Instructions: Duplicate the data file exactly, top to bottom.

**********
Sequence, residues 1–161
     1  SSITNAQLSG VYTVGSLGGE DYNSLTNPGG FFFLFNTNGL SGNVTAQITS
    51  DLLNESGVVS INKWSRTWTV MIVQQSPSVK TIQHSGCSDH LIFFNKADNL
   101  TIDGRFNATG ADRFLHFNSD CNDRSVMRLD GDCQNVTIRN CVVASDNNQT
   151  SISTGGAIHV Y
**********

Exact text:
Sequence, residues 1–161
     1  SSITNAQLSG VYTVGSLGGE DYNSLTNPGG FFFLFNTNGL SGNVTAQITS
    51  DLLNESGVVS INKWSRTWTV MIVQQSPSVK TIQHSGCSDH LIFFNKADNL
   101  TIDGRFNATG ADRFLHFNSD CNDRSVMRLD GDCQNVTIRN CVVASDNNQT
   151  SISTGGAIHV Y